ISSN: 2278-6252 ENGINE


International Journal of Advanced Research in

Engineering and Applied Sciences ISSN: 2278-6252



Hemant Kumar Nayak*

Md.Saifullah Khalid**

Abstract: The use of vegetable oil methyl esters has been proposed as an alternative fuel for diesel engines. The purpose of this study is to investigate the combustion of soybean oil methyl ester in a direct injection diesel engine, and compare it to that of a conventional diesel fuel. Experimental measurements of performance, emissions, and rate of heat release were performed as a function of engine load for different fuel injection timings, and injector orifice diameters. It was found that overall, the soybean oil methyl ester behaved comparably to diesel fuel in terms of performance and rate of heat release. The methyl ester fuel gave lower HC emissions and smoke number than diesel fuel at optimum operating conditions. The results for CO emissions were varied. NOx emissions were strongly related to the cylinder pressure development.

This paper presents a brief history of diesel engine technology and an overview of soybean oil , including performance characteristics, economics, and potential demand. The performance and economics of soybean oil are compared with those of petroleum diesel .

Keywords : Alternative fuel, lower HC emissions, smoke number, injection timing.

*Institute of Technology And Management, Sithouli,Gwalior, MP, India

**Anand Engineering College, Agra, UP, India

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ISSN: 2278-6252

The idea of using vegetable oil for fuel has been around as long as the diesel engine.

Rudolph Diesel , the inventor of the engine that bears his name, experimented with fuels ranging from powdered coal to peanut oil. In the early 20th century, however, diesel engines were adapted to burn petroleum distillate, which was cheap and plentiful. In the late 20th century, however, the cost of petroleum distillate rose, and by the late 1970s there was renewed interest in biodiesel. The most common sources of oil for biodiesel production in the United States are soybean oil and yellow grease (primarily, recycled cooking oil from restaurants). Blends of biodiesel and petroleum diesel are designated with the letter “B,” followed by the volumetric percentage of biodiesel in the blend: B20, the blend most often evaluated, contains 20 percent biodiesel and 80 percent petroleum diesel;

B100 is pure biodiesel. By several important measures biodiesel blends perform better than petroleum diesel, but its relatively high production costs and the limited availability of some of the raw materials used in its production continue to limit its commercial application.

Since the first oil crises of the 1970’s alternative fuels have been investigated with the goal of replacing conventional petroleum supplies. The initial interest was mainly one of fuel supply but recently more attention has been focused on the use of renewable fuels in order to reduce the net production of CO2 from combustion sources. Methanol and ethanol are two accepted alternative fuels which possess the potential to be produced from biomass sources. Neither of these fuels is well suited for use in diesel engines, and the use of high compression ratios, ignition improvers and ignition assistance devices is common.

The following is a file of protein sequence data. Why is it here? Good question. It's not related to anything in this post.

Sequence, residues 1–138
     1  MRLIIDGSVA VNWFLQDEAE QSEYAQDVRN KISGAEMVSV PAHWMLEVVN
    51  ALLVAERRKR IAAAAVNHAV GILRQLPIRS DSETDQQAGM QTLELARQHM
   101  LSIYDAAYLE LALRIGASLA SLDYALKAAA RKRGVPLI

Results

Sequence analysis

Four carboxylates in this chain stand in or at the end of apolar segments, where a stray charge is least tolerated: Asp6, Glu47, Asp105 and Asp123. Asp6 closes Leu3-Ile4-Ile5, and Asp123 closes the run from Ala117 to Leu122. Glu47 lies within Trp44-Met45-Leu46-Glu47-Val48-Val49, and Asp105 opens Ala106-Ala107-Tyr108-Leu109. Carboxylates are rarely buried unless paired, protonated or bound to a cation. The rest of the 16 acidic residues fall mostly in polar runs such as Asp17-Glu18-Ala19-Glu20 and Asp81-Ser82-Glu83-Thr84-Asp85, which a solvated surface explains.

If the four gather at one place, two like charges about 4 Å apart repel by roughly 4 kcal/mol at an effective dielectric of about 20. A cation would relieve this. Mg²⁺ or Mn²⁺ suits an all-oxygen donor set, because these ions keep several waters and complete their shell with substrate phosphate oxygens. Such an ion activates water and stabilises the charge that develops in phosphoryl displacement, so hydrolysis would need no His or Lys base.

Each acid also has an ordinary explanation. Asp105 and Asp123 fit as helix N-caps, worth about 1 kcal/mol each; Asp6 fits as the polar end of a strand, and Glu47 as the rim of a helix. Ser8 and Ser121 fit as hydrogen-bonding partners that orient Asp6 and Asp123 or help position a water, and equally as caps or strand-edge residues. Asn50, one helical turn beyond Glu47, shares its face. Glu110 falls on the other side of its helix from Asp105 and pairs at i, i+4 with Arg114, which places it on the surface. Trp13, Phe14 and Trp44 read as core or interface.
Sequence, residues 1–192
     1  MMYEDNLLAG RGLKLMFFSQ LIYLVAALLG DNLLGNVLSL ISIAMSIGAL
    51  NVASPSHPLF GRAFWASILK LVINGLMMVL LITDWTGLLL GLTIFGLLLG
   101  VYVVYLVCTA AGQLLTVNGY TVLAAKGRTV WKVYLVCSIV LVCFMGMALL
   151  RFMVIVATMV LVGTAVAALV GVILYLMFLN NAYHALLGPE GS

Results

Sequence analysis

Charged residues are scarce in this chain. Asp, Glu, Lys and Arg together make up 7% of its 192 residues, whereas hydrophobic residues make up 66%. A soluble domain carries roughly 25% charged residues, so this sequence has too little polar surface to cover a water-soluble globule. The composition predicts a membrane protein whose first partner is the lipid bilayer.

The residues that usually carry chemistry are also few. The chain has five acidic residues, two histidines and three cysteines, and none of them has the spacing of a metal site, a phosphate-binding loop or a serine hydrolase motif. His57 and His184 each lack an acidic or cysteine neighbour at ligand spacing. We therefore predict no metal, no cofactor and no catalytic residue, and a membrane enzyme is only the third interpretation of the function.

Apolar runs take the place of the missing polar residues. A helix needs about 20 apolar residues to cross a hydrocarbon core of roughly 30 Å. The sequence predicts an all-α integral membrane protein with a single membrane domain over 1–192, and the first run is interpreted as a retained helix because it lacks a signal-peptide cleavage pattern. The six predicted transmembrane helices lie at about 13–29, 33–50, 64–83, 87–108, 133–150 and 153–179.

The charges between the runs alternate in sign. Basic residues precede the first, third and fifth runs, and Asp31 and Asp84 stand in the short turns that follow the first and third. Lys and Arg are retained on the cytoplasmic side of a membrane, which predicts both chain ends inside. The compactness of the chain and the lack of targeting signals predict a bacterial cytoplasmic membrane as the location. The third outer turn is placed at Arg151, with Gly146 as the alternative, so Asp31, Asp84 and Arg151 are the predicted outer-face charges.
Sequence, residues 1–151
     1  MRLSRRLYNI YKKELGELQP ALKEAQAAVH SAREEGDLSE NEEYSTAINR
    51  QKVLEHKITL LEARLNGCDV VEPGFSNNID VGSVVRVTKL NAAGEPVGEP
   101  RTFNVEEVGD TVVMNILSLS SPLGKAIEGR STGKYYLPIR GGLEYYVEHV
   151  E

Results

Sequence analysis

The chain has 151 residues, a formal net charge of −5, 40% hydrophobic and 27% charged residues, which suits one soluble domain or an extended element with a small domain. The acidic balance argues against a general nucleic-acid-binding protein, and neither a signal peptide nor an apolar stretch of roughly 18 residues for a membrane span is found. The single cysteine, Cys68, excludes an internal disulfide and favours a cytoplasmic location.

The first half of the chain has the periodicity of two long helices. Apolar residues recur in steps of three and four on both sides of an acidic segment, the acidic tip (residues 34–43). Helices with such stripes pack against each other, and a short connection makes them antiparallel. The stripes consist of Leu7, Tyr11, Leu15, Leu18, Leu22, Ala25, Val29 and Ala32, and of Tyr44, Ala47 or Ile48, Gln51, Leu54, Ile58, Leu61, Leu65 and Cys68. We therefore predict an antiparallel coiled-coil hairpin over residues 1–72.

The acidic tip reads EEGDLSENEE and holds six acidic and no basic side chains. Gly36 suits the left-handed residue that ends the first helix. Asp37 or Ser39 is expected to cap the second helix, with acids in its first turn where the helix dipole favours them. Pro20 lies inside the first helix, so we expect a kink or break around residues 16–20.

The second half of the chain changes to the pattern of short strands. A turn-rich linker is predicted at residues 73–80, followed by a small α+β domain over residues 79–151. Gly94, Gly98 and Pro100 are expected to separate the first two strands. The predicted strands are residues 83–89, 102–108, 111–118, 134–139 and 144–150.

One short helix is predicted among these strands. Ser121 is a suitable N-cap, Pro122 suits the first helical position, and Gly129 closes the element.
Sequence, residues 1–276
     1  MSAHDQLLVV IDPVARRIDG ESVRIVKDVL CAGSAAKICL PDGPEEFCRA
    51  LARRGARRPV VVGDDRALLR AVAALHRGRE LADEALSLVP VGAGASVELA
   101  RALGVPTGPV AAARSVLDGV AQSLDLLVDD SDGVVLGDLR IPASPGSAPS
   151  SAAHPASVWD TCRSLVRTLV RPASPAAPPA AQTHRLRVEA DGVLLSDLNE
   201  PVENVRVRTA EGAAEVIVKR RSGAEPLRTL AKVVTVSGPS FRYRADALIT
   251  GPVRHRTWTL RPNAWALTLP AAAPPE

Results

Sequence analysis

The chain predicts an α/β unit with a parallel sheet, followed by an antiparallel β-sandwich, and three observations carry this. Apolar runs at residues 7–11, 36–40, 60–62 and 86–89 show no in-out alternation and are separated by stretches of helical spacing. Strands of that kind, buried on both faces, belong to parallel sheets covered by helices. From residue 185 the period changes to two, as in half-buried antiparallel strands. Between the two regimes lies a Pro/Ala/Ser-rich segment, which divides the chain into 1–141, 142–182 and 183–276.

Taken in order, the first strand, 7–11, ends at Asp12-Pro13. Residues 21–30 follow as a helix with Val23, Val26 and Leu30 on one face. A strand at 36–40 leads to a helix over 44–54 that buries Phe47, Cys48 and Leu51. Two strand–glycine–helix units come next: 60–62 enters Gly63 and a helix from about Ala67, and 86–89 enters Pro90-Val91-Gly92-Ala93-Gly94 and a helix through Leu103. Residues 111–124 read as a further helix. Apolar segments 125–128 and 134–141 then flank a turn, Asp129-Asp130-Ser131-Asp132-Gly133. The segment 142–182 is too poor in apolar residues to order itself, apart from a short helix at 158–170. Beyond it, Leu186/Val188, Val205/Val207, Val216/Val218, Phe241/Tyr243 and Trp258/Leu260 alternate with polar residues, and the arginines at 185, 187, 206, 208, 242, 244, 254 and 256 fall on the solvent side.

One type of fuel which is well suited for use in diesel engines is that of vegetable oil based fuels. Previous studies have shown that it is possible to use vegetable oils in combination with alcohols in diesel engines with acceptable performance. Initial studies by Barsic and

Humke showed that untreated vegetable oils can be used as fuels in diesel engines, but that there are severe problems with injector fouling. Lubricating oil effects with vegetable oil based fuels have also been studied. Experiments have shown that as far as combustion is concerned, one of the best ways to utilize alcohol in a diesel fuel is to combine it with a vegetable oil to make the corresponding ester of the vegetable oil. The most commonly used ester is the methyl ester, made by combining the vegetable oil with methanol. In fact,

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International Journal of Advanced Research in

Engineering and Applied Sciences ISSN: 2278-6252 in some parts of Europe, rape seed methyl ester is already commercially available for use in vehicles.


The efficiency of the Carnot cycle increases with the increase in compression ratio—the ratio of gas volume at full expansion to its volume at full compression. This concept gave a motivation to Rudolph Diesel to build an engine with the highest possible compression ratio. He introduced fuel only when combustion was desired and allowed the fuel to ignite on its own in the hot compressed air. Diesel’s engine achieved efficiency higher than that of the Otto engine and much higher than that of the steam engine.

Diesel received a patent in 1893 and demonstrated a workable engine in 1897. Today, diesel engines are classified as “compression-ignition” engines. Diesel’s motivation was not only to improve efficiency but also to bring the benefits of powered machinery to smaller companies. Steam engines were so large that only the biggest firms could afford them, and